The word “FAT” makes most of us crinkle our nose. Except when used in a sentence like, “I got a big fat Christmas bonus this year,” the word generally describes something that is wrong or bad for us.
Certainly when it comes to food, ALL fats have been vilified. But there is a very big difference between bad fats and good fats. One category you need to stay away from while the other category is incredibly beneficial to your health.
Saturated Fats VS Trans Fats
When you think of saturated fats, you probably think of foods you should avoid, lest you are actively seeking to have a heart attack. For years we have been told to stay away from cheese, butter and fattier cuts of meat. But does the science really back up the initial claims that these saturated fats are bad for us?
No. In fact, recent studies on saturated fat reveal quite the opposite evidence. It turns out, meat, butter and other dairy products are far healthier for us than we were once led to believe.
It seems there are some people who want us to confuse saturated fats with trans fats. So what exactly are trans fats? I’m glad you asked.
While saturated fats are completely natural, trans fats are produced through an industrial process that adds hydrogen to vegetable oil. This causes the oil to become solid at room temperature. Can you say Crisco?
Hydrogenated oil is less likely to spoil, so many packaged food items use it to provide a longer shelf life. Also, the majority of restaurants use partially hydrogenated oil in their deep fryers because it doesn’t have to be changed as often as other natural oils. That’s a deliciously pleasant thought, isn’t it?
Here are some of the most common food items that contains TRANS FATS – the actual fats you should STAY FAR AWAY FROM:
Baked goods like cakes, cookies and pie crusts contain shortening (Crisco). Ready-made frosting is another trans-fat culprit.
Like to snack on things like popcorn, potato chips and crackers? Well, unless you are making your own at home from scratch, store-bought snacks like these contain dangerous tans-fats.
Fried chicken, French fries and doughnuts are generally fried in partially hydrogenated oils. Are they delicious? Yes. Are they bad for you? Indeed.
Canned biscuits, pizza dough and cinnamon rolls generally contain trans-fats.
Nondairy Creamers and Margarine
Nondairy coffee creamers and margarine (AKA fake butter) usually contain partially hydrogenated vegetable oils.
The moral of the story is, natural fats are good fats and man-made fats that have been industrially processed are the fats you need to watch out for. Now let’s take a look at some of the healthy fats you should be eating more of.
5 Healthy Fats You Should be Eating More Of
Your body needs fat to work properly. Try adding more of the following beneficial healthy fats to your diet each week.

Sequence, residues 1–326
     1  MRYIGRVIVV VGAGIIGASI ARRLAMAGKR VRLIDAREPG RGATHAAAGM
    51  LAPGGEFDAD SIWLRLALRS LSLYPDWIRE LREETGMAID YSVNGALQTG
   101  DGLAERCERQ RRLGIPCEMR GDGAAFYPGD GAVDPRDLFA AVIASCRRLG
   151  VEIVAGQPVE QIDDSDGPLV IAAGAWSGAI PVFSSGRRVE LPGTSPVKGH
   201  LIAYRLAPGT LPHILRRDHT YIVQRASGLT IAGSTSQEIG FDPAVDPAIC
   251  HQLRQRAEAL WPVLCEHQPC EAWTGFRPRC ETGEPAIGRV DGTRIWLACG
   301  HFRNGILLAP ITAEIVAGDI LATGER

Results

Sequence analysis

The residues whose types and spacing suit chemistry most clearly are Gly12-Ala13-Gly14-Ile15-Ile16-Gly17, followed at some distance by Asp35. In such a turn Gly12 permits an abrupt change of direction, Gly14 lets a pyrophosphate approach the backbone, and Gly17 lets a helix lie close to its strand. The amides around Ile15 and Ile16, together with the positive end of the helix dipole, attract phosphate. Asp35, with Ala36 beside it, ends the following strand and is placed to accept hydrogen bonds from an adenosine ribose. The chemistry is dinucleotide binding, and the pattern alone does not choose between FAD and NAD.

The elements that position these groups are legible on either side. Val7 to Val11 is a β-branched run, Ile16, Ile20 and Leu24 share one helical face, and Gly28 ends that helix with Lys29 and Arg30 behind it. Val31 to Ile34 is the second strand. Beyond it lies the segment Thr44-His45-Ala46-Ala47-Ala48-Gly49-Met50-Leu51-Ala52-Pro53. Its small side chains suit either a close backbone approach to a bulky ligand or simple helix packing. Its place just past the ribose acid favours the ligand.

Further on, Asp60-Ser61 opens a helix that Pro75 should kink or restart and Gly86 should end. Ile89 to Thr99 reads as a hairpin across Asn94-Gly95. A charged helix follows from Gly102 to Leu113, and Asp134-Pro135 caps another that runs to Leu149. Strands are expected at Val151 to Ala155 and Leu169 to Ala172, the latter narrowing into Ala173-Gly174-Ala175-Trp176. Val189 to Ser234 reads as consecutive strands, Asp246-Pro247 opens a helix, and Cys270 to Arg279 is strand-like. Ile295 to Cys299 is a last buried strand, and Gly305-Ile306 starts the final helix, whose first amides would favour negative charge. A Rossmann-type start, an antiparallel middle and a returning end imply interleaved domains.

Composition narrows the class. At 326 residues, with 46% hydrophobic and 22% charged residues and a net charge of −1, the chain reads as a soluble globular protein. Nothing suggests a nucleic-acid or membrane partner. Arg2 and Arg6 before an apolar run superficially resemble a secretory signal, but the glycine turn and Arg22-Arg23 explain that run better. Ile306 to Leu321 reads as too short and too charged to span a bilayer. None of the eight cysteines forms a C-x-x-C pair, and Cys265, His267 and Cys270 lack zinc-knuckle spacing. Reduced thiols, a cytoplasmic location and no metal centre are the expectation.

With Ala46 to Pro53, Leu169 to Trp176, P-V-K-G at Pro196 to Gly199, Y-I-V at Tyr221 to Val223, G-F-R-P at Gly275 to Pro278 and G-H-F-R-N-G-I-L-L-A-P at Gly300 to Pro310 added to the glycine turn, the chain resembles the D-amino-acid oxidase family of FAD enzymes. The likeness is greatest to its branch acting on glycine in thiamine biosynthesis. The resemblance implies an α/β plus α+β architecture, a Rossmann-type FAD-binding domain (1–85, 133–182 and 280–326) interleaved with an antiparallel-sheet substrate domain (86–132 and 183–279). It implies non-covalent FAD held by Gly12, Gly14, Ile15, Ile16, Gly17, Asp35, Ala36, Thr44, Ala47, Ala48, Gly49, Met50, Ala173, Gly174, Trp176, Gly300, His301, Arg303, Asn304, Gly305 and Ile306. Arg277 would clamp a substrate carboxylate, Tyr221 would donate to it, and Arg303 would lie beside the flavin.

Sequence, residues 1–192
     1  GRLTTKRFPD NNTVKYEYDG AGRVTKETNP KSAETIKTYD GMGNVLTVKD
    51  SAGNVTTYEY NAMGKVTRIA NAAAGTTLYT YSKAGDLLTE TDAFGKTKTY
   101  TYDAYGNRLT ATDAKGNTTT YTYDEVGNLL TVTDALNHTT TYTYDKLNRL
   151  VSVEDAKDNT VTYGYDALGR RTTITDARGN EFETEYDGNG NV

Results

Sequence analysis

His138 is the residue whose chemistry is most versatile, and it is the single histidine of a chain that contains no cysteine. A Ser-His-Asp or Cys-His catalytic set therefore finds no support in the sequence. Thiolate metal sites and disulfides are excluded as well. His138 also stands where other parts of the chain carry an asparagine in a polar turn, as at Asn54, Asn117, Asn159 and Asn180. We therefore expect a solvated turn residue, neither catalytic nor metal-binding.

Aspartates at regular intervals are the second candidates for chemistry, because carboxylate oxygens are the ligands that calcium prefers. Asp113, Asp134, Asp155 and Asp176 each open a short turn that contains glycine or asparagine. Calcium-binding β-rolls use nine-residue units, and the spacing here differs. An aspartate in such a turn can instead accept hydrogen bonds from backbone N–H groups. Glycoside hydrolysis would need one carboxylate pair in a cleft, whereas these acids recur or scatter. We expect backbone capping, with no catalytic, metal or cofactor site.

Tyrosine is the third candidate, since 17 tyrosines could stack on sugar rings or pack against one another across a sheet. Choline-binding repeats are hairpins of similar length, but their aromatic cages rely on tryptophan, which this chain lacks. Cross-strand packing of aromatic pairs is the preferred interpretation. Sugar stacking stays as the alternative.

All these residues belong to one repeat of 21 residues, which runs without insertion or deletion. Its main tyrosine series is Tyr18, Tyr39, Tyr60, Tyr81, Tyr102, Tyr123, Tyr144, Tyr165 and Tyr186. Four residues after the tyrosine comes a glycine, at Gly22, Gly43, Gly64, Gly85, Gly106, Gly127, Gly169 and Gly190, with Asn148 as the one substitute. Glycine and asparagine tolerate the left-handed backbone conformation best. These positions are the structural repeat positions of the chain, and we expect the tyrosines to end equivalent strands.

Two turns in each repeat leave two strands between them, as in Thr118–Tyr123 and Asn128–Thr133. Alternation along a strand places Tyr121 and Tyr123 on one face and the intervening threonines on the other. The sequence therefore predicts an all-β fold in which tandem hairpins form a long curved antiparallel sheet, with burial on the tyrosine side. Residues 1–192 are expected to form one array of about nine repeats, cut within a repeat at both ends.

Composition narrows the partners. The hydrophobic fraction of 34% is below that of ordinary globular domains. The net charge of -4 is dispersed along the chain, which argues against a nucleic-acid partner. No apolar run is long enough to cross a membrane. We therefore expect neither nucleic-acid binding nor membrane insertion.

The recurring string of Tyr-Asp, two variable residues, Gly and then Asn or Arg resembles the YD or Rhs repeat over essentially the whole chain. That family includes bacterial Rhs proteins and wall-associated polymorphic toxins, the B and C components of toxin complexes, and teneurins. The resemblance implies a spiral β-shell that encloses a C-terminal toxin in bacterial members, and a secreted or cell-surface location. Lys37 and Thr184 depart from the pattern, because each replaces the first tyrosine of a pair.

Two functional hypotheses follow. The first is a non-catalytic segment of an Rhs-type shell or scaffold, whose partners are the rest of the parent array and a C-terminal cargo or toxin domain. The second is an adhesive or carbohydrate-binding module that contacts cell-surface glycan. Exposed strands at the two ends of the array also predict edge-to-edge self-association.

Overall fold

Go for grass-fed dairy products as they offer more beneficial omega-3 fatty acids. Beyond butter, Greek yogurt is a healthy fat food item and makes a perfect breakfast. Toss in some blueberries and a little cinnamon and you have an incredibly healthy start to your day.
2. Fatty Fish
Want to really boost your health with healthy fats? Then start eating more fatty fish such as salmon, anchovies, herring and mackerel. If the taste of fish is a turn-off for you, then take a daily fish oil supplement such as Primal Labs’ DuOmega.
Nuts like pecans, walnuts, macadamias and other hardshells are high in monounsaturated fats, a type of fatty acid. They are also loaded with vitamins, minerals and fiber.
Another healthy snack idea is grabbing a handful of seeds such as chia, sunflower, flax or pumpkin instead of reaching for chips or crackers.
Another food high in monounsaturated fat, avocados also contain high amounts of fiber. Add some sliced avocado to your sandwiches or salads. You can even spread some crushed avocado on your toast in the morning.
Hopefully I have shed some light on the topic of fats. There is so much bad information out there about what fats are good and what fats are bad. Remember, natural fats are good for you – manmade fats – not so much.
How Much Fat Should You be Eating Each Day?
Now that you know which fats are good for you, you may be wondering what percentage of your caloric daily intake should go toward fat? You may have even heard some doctors talk about the Keto diet being good for many people with chronic diseases like diabetes. The keto diet focuses on eating majority of fat, moderate protein and low carbohydrates. But how much of each should you be eating?
The Perfect Meal Plan (PMP) takes the guesswork out of healthy eating. Created by a doctor who treats metabolic disorders with nutrition, PMP provides you with recipes as well as organized grocery lists so you can easily shop each week.
And the best part is, all of this convenience costs less than buying a medium-sized pizza. That’s right, for less than $10 each month, you will have a specialist doctor tell you EXACTLY what and how much to eat. You’ll be taken by the hand and led through the grocery store in a matter of minutes. Eating healthy doesn’t get much simpler than this.